[21] If f and g are fuzzy Henstock integrable functions on A and if the function given by

D( f (s, t), g(s, t)) is Lebesgue integrable, then

Zd

Zb

Zd

Zb

Zd

Zb

D (FH) (FH)

f (s, t)dsdt, (FH) (FH) g(s, t)dsdt ≤ (L) (L) D( f (s, t), g(s, t))dsdt.

## 5.

for a ≤ x ≤ s ≤ b, c ≤ y ≤ t ≤ d and 0 ≤ r ≤ 1. The ADM method is applied to solve 2D-NVFIE. Let for alla ≤ x ≤ s ≤ b, c ≤ y ≤ t ≤ d and 0 ≤ r ≤ 1 the function G(β) is increasing for β ∈ [u(x, y, r), u(x, y, r)] and

k(s, t, x, y) ≥ 0 . Then the parametric form of the equation (1) is,

Rt Rs

u(s, t, r) = g(s, t, r) +

k(s, t, x, y)G(u(x, y, r))dxdy

c a

(2)

t

s

R R

u(s, t, r) = g(s, t, r) +

k(s, t, x, y)G(u(x, y, r))dxdy.

c a

Now, we explain ADM as a numerical algorithm for approximating solution of this system of nonlinear integral

equations in crisp case. Then, we find approximate solution for u(s, t, r)

The ADM assume an infinite series solution for the unknowns functions (u(s, t, r), u(s, t, r)), given by

∞

∞

X

X

ui (s, t, r), u(s, t, r) =

u(s, t, r) =

ui (s, t, r)

(3)

i=0

i=0

The nonlinear operator G(u(x, y, r)) and G(u(x, y, r)) into an infinite series of polynomials given by

G(u(x, y, r)) =

∞

X

An (u0 (x, y, r), u1 (x, y, r), ..., un (x, y, r)), G(u(x, y, r)) =

n=0

∞

X

An (u0 (x, y, r), u1 (x, y, r), ..., un (x, y, r)),

n=0

where the An = (An , An ), n ≥ 0 are the so-called Adomian polynomial defined by

∞

∞

1 dn X i

1 dn X i

An (u0 , u1 , ..., un ) =

G λ ui , An (u0 , u1 , ..., un ) =

G λ ui

n! dλn i=0

n! dλn i=0

(4)

,

(5)

λ=0

λ=0

09 March 2024 19:34:42

where λ is formal parameter.

Substituting equations (3) and (4) into equation (2) to get

Z t Zs

∞

∞

X

X

un (s, t, r) = g(s, t, r) +

An (u0 (x, y, r), u1 (x, y, r), ..., un (x, y, r))dxdy,

k(s, t, x, y)

n=0

c

∞

X

Z t Zs

un (s, t, r) = g(s, t, r) +

n=0

n=0

a

k(s, t, x, y)

c

a

∞

X

An (u0 (x, y, r), u1 (x, y, r), ..., un (x, y, r))dxdy

n=0

The components un (s, t, r) and un (s, t, r), n ≥ 0 are computed using the following recursive relations

u0 (s, t, r) = g(s, t, r)

Rt Rs

u1 (s, t, r) =

k(s, t, x, y)A0 (u0 (x, y, r))dxdy

c a

...

un+1 (s, t, r) =

Rt Rs

(6)

k(s, t, x, y)An (u0 (x, y, r), u1 (x, y, r), ..., un (x, y, r))dxdy

c a

and

u0 (s, t, r) = g(s, t, r)

Rt Rs

k(s, t, x, y)A0 (u0 (x, y, r))dxdy

u1 (s, t, r) =

un+1 (s, t, r) =

Rt Rs

k(s, t, x, y)An (u0 (x, y, r), u1 (x, y, r), ..., un (x, y, r))dxdy

c a

We approximate u(s, t, r) = (u(s, t, r), u(s, t, r)) by φ (s, t, r) =

n

lim φ (s, t, r) = u(s, t, r) and lim φn (s, t, r) = u(s, t, r)

n→∞

n

(7)

c a

...

n→∞

050009-4

n−1

P

i=0

ui (s, t, r),

φn (s, t, r) =

n−1

P

i=0

ui (s, t, r), where

## 6.

EXISTENCE AND CONVERGENCE ANALYSISIn this section we prove the existence, uniqueness of the solution of equation (1) and convergence of ADM.

Lemma 6

[21] Let the functions g ∈ C(A, E 1 ) and h ∈ C(A, R+ ). Then the function h.g : A → E 1 given by

(h.g)(s, t) = h(s, t) g(s, t), is continuous on A.

Lemma 7

[13] Let the functions k ∈ C(A × A, R+ ), u ∈ C(A, E 1 ) and G ∈ C(E 1 , E 1 ). Then the function

Rt

Rs

Fu : A → E 1 defined by Fu (s, t) = (FR) (FR) k(s, t, x, y) G(u(x, y))dxdy is continuous on A.

c

a

We introduce the following conditions:

(i) g ∈ C(A, E 1 ), k ∈ C(A × A, R+ ) and G ∈ C(E 1 , E 1 );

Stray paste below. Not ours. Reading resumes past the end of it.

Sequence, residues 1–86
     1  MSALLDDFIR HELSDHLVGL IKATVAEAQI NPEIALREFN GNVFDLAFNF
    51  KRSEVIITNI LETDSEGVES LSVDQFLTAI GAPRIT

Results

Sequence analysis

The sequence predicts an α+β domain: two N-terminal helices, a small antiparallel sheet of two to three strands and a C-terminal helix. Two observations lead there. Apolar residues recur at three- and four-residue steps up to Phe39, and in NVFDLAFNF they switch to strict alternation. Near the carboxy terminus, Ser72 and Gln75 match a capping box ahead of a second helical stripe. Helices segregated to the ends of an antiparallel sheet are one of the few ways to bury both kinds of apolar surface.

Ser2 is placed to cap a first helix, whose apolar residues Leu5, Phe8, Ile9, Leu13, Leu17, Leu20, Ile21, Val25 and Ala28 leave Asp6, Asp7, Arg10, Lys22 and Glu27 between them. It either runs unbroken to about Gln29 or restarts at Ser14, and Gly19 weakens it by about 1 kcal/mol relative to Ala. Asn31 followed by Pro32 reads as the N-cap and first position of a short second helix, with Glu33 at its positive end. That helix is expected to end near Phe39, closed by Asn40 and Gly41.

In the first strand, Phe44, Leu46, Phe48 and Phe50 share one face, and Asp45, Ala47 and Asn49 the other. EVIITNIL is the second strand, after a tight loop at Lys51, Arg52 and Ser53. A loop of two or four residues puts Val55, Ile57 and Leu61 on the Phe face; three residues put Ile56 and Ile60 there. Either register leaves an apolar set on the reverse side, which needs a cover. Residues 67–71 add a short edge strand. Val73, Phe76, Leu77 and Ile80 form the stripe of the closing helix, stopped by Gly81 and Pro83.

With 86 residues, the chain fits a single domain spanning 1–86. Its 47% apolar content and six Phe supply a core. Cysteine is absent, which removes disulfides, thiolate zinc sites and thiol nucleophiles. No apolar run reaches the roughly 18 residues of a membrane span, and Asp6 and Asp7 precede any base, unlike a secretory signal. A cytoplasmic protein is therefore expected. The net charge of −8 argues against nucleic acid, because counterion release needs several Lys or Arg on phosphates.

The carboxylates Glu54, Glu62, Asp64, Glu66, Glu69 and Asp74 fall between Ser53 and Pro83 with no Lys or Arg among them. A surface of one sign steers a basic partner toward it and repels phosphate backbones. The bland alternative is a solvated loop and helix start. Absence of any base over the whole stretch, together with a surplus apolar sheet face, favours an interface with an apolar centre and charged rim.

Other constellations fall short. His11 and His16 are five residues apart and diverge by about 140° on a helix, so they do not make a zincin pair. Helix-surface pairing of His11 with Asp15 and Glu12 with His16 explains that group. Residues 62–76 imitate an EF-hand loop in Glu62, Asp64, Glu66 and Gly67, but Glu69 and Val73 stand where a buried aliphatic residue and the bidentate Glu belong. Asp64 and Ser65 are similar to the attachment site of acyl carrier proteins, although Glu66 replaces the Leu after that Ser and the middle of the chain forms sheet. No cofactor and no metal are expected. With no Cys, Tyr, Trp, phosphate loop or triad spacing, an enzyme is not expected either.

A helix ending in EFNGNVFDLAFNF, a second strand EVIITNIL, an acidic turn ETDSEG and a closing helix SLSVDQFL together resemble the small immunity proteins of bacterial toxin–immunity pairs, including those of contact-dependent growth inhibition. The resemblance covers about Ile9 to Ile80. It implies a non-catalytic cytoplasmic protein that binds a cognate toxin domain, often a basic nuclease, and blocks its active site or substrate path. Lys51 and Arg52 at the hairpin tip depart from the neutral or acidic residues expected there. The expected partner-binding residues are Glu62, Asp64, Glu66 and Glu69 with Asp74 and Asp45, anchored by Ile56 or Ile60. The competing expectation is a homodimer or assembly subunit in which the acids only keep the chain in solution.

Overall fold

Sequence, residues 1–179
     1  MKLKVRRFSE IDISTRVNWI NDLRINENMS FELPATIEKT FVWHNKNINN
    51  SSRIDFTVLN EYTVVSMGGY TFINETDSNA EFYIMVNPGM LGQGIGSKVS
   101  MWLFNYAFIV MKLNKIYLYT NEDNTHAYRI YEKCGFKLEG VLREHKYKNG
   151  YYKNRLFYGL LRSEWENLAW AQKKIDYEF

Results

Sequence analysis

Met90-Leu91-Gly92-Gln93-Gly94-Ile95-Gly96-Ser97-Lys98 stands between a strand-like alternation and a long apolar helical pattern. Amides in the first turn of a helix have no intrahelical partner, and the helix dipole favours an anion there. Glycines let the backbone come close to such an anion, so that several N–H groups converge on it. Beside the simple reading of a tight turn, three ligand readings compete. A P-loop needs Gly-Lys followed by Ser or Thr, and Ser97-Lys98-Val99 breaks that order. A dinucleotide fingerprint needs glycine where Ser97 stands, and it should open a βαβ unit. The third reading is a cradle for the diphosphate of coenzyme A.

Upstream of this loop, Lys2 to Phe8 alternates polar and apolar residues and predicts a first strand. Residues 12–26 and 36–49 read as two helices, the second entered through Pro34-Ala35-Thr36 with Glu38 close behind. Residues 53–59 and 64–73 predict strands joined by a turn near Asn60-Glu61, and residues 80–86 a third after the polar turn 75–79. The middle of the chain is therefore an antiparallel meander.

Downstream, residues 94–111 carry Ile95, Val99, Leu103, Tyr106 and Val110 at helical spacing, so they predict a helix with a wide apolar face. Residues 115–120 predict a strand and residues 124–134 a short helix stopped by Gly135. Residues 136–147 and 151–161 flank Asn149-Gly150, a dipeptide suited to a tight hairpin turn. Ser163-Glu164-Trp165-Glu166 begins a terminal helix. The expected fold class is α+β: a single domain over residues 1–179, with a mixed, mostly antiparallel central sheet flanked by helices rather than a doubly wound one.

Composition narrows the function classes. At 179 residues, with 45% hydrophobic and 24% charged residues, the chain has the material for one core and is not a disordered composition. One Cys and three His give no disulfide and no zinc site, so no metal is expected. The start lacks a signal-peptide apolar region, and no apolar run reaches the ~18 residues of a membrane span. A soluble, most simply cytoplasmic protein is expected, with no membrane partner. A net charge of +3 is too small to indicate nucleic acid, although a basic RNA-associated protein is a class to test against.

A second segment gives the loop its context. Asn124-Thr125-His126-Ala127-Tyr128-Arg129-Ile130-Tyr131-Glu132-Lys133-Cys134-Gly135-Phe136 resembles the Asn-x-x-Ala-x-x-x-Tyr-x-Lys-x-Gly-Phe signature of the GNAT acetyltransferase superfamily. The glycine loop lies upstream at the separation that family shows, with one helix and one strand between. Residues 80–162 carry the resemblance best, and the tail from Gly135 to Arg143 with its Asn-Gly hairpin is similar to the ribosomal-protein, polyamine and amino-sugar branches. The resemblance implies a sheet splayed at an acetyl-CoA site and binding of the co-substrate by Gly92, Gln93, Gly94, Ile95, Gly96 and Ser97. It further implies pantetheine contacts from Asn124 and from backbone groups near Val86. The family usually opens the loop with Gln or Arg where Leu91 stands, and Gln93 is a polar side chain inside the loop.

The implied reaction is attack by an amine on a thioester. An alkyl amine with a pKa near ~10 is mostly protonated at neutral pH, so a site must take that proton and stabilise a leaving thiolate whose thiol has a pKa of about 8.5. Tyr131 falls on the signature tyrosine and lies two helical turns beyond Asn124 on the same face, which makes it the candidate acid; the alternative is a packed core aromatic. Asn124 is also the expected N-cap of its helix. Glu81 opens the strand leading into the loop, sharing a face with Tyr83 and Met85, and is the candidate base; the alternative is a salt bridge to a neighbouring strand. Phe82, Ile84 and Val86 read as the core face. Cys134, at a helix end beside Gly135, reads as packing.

(ii) there exists L ≥ 0 such that D(G(u), G(v)) ≤ LD(u, v) for all u, v ∈ E 1 ;

(iii) α = Mk L∆ < 1, where |k(s, t, x, y)| ≤ Mk for all (s, t), (x, y) ∈ A, according to the continuity of k and ∆ =

(b − a)(d − c).

Theorem 1

Let the conditions (i) − (iii) are fulfilled. Then the integral equation (1) has a unique solution.

Proof: Let F(A, E 1 ) = { f : A → E 1 } and X = C(A, E 1 ). We define the operator A : X → F(A, E 1 ) by

Z t

Z s

A(u)(s, t) = g(s, t) ⊕ (FR)

(FR)

k(s, t, x, y) G(u(x, y))dxdy,

c

a

c

a

F ∈ X. Since g ∈ X, we conclude that the operator A(F) is continuous on A for any u ∈ X.

Now, we prove that A : X → X is a contraction. Let arbitrary u, v ∈ X. From conditions (ii) and (iii) we have

Rt

Rs

Rt

Rs

D(A(u)(s, t), A(v)(s, t)) ≤ D((FR) (FR) k(s, t, x, y) G(u(x, y))dxdy, (FR) (FR) k(s, t, x, y) G(v(x, y))dxdy) ≤

c

≤

Rt Rs

a

c

|k(s, t, x, y)|D(G(u(x, y)), G(v(x, y)))dxdy ≤ Mk L

c a

Rd Rb

a

D(u(x, y), v(x, y))dxdy ≤ Mk L∆D∗ (u, v) for all (s, t) ∈ A.

c a

Under the condition α < 1 the operator A is contraction therefore, by the Banach fixed-point theorem for contraction, there exist a unique solution to problem (1) and this completes the proof.

∞

P

Theorem 2

The series solution u(s, t, r) = ui (s, t, r) of the integral equation (1) using ADM converges if

i=0

α < 1 and u1 (s, t, r) bounded for all (s, t) ∈ A, 0 ≤ r ≤ 1.

Proof: Denoting E = (C(A × [0, 1], R), k.k) the Banach space of all continuous functions on A with the norm

n

P

kuk = max sup |u(s, t, r)|. Define the sequence of partial sums sn (s, t, r) =

ui (s, t, r) for all (s, t) ∈ A, 0 ≤ r ≤ 1.

(s,t)∈A r∈[0,1]

i=0

Let sn and sm be arbitrary partial sums with n ≥ m. We are going to prove that {sn } is a Cauchy sequence in E.

n

m

n

P

P

P

ksn − sm k = max sup |sn (s, t, r) − sm (s, t, r)| = max sup | ui (s, t, r) − ui (s, t, r)| = max sup |

ui (s, t, r)| =

(s,t)∈A r∈[0,1]

= max sup |

(s,t)∈A r∈[0,1] i=0

n Rt Rs

P

(s,t)∈A r∈[0,1] i=m+1 c a

Rt Rs

= max sup |

(s,t)∈A r∈[0,1] c a

i=0

(s,t)∈A r∈[0,1] i=m+1

k(s, t, x, y)Ai−1 (u0 (x, y, r), u1 (x, y, r), ..., ui−1 (x, y, r))dxdy| =

k(s, t, x, y)

n−1

P

Ai (u0 (x, y, r), u1 (x, y, r), ..., ui (x, y, r))dxdy|.

i=m

From [9], we have

n−1

X

Ai (u0 (x, y, r), u1 (x, y, r), ..., ui (x, y, r)) = G(sn−1 (x, y, r)) − G(sm−1 (x, y, r)).

i=m

050009-5

09 March 2024 19:34:42

(s, t) ∈ A, u ∈ X. Firstly, we prove that A(X) ⊂ X. To this purpose, we show that the operator A is uniformly continuous.

Let arbitrary u ∈ X, (t0 , s0 ) ∈ A and ε > 0. Since u is continuous it follows that for Lε > 0 there exists δ(ε) > 0